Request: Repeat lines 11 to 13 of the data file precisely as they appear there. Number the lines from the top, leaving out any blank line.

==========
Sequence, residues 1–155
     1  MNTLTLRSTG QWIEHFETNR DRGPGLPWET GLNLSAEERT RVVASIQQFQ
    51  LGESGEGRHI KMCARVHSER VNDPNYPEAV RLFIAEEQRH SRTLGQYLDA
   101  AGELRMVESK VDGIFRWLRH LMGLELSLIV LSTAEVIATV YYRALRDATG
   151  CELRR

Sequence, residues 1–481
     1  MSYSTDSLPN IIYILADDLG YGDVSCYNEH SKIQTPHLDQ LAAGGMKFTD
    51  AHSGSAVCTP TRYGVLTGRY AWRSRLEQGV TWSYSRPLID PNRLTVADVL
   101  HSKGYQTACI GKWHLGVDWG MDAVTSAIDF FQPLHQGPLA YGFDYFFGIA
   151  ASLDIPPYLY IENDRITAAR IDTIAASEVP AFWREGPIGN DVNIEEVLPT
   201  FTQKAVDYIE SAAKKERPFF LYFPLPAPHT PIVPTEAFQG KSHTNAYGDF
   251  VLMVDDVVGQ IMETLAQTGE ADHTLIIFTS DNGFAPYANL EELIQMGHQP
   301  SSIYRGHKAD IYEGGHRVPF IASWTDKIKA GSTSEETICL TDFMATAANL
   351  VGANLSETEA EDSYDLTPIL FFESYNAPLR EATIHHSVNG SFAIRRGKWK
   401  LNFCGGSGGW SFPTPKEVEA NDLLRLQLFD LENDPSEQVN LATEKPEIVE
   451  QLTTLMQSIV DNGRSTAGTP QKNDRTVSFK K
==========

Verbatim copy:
   201  FTQKAVDYIE SAAKKERPFF LYFPLPAPHT PIVPTEAFQG KSHTNAYGDF
   251  VLMVDDVVGQ IMETLAQTGE ADHTLIIFTS DNGFAPYANL EELIQMGHQP
   301  SSIYRGHKAD IYEGGHRVPF IASWTDKIKA GSTSEETICL TDFMATAANL